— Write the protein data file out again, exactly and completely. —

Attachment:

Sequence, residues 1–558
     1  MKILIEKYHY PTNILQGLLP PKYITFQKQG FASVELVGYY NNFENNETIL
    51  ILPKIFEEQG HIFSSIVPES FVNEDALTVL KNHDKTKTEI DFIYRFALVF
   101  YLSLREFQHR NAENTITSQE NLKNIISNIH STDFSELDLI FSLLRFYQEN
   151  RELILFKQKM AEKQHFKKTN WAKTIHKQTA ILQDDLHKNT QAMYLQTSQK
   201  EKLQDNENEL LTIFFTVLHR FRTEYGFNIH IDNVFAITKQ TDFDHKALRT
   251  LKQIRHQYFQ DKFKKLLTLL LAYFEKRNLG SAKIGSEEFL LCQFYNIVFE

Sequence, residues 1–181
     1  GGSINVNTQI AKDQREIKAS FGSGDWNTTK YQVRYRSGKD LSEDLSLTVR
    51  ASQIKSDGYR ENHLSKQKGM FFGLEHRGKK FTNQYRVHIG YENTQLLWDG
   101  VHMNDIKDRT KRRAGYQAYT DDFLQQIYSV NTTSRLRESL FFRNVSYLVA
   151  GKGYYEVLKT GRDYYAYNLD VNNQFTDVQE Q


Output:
Sequence, residues 1–558
     1  MKILIEKYHY PTNILQGLLP PKYITFQKQG FASVELVGYY NNFENNETIL
    51  ILPKIFEEQG HIFSSIVPES FVNEDALTVL KNHDKTKTEI DFIYRFALVF
   101  YLSLREFQHR NAENTITSQE NLKNIISNIH STDFSELDLI FSLLRFYQEN
   151  RELILFKQKM AEKQHFKKTN WAKTIHKQTA ILQDDLHKNT QAMYLQTSQK
   201  EKLQDNENEL LTIFFTVLHR FRTEYGFNIH IDNVFAITKQ TDFDHKALRT
   251  LKQIRHQYFQ DKFKKLLTLL LAYFEKRNLG SAKIGSEEFL LCQFYNIVFE

Sequence, residues 1–181
     1  GGSINVNTQI AKDQREIKAS FGSGDWNTTK YQVRYRSGKD LSEDLSLTVR
    51  ASQIKSDGYR ENHLSKQKGM FFGLEHRGKK FTNQYRVHIG YENTQLLWDG
   101  VHMNDIKDRT KRRAGYQAYT DDFLQQIYSV NTTSRLRESL FFRNVSYLVA
   151  GKGYYEVLKT GRDYYAYNLD VNNQFTDVQE Q